Across 64 species of bird, nest structure is significantly associated with cerebellar foliation (F1,60 > 3.875, p < 0.026, R2 = 0.615; using λ = 0.85 = model-averaged estimate from main regression model). Specific contrasts confirm our predictions: species that build a platform nest have higher CFIs than do species that do not build nests (figure 2; t = 2.047, p = 0.047), species that build a cup nest have higher CFIs than species that do not build nests (figure 2; t = 3.165, p = 0.003) and species that build a cup nest have higher CFIs than species that build a platform nest (figure 2; t = 2.020, p = 0.049). Altogether, as nests increase in structural complexity (no nest → platform → cup), CFI also increases. Furthermore, nest structure specifically explained variation in CFI when we used log-transformed cerebellum volume as a covariate and not other allometric variables (see electronic supplementary material, S2).
Bird species that build more structurally complex nests have greater cerebellar foliation than do species that build simpler nests, which supports the hypothesis that increased cerebellar foliation enables enhanced manipulative motor skills . Similarly, Yopak et al.  suggest that CFI might correlate with increasingly sophisticated behaviours in chondrichthyes, for example agile capture of cephalopod prey in the tawny nurse shark (Nebrius ferrugineus). In conjunction with these data on chondrichthyes, our findings suggest that increasing cerebellar foliation may be a mechanism that is conserved across vertebrates allowing improved motor control and increasingly complex behaviours. Such an increase in foliation may underpin the positive correlation between cerebellum volume and extractive foraging in primates . In birds at least, increased cerebellar foliation is hypothesized to increase the density of Purkinje cells, the predominant neuron in the cerebellar cortex and only source of cerebellar output, which is thereby thought to increase the processing capacity of the cerebellum . Although here we found that cerebellar foliation is associated with manipulative skill, other processes involved in nest construction behaviour that are also supported by the cerebellum, such as motor sequencing and learning, may also explain the correlation between nest complexity and cerebellar foliation. Functional studies correlating neural activity with nest construction behaviour may help to identify which of the processes associated with nest construction involve the cerebellum.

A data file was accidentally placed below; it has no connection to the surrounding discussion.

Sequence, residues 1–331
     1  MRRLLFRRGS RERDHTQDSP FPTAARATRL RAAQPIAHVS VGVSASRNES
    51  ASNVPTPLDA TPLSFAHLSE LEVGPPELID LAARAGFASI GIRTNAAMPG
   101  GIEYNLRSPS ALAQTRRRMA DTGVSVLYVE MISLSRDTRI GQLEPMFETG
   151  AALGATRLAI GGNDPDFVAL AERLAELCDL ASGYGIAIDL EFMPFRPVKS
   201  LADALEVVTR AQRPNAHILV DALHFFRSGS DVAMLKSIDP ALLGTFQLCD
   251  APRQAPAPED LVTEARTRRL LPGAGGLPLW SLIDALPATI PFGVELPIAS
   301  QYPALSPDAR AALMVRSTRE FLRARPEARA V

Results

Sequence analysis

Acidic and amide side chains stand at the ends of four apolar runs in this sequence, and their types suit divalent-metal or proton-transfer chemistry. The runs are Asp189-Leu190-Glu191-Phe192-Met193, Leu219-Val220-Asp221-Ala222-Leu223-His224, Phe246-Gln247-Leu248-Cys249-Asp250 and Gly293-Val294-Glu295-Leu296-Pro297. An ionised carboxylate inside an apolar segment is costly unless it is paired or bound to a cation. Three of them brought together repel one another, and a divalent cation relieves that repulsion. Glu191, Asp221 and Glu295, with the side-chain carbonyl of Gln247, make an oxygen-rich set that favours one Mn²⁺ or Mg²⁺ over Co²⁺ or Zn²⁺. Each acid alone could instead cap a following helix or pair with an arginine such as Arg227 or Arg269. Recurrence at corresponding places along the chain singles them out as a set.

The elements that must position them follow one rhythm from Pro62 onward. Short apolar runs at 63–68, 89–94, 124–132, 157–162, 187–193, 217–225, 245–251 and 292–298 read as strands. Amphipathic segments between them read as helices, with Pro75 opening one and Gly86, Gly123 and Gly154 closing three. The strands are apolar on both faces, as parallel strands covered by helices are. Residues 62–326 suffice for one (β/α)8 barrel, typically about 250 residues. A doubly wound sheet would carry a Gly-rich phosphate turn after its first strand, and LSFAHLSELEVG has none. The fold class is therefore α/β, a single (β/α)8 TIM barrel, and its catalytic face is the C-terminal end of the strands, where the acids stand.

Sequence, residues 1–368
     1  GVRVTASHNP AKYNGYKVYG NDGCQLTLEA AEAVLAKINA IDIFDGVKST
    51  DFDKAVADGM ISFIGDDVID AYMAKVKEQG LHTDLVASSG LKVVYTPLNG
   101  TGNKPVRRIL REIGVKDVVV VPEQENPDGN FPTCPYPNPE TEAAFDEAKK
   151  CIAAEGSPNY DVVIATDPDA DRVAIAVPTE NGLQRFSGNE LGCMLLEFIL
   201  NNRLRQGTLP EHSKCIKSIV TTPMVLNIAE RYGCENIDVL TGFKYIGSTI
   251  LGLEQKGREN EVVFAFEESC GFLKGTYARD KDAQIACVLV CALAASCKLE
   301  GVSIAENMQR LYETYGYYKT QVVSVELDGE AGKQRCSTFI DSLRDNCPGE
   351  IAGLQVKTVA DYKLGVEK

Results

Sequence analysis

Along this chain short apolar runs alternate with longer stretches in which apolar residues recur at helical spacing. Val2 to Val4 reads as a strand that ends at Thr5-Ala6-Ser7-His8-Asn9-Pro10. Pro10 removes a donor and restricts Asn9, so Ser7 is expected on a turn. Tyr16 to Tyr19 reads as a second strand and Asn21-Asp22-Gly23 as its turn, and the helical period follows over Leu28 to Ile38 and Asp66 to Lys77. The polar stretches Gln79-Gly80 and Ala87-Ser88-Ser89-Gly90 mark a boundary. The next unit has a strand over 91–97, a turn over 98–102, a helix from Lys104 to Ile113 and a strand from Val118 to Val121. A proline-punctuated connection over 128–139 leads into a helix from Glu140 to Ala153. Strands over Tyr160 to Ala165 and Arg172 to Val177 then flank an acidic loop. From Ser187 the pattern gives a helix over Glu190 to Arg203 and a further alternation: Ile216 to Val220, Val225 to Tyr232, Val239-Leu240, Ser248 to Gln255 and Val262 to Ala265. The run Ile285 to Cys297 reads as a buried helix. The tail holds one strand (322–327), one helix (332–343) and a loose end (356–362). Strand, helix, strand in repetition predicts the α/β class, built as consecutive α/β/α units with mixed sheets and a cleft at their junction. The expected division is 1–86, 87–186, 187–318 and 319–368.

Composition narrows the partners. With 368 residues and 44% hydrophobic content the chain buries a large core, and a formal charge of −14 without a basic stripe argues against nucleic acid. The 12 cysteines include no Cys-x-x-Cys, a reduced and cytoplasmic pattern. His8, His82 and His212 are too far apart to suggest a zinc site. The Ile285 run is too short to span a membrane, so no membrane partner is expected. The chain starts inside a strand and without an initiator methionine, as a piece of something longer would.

In our analyses, we used a much simpler nest classification system relative to those used previously  to examine causes of variation in nest building. For example, we excluded nesting materials, nest attachment to substrates and nest location. By doing so, however, we had a dataset that was amenable to current comparative statistical analytical techniques. The association between variation in CFI and in nest structural complexity that we show here would suggest that this simple classification system may be useful for further investigation of the evolution of nest design.
Here, we found that cerebellar foliation is associated with differences in nest construction behaviour in birds. Across all bird species, nest construction behaviour varies tremendously, beyond the three nest classifications we tested here . By continuing to identify the neural underpinnings of nest construction, we can take advantage of this variation in species-specific behaviour to understand how evolution has shaped the brain to produce unique behaviours.
Nest classification, nest structure description sources and neuroanatomical measures are all included in the electronic supplementary material, S1.
This work was financially supported by the BBSRC (BB/I019502/1), NSERC (PGSD3-409582-2011 to Z.J.H.) and ERC (232823 to S.E.S.).
We thank Randi Griffin, Natalie Cooper, Charles Nunn, Daniel Barker and the AnthroTree Workshop 2011 for advice regarding statistical analysis. We also thank David Shuker, Rob Barton and two anonymous reviewers for helpful comments on earlier versions of the manuscript.
- Received August 2, 2013.
- Accepted November 7, 2013.
© 2013 The Authors. Published by the Royal Society under the terms of the Creative Commons Attribution License http://creativecommons.org/licenses/by/3.0/, which permits unrestricted use, provided the original author and source are credited.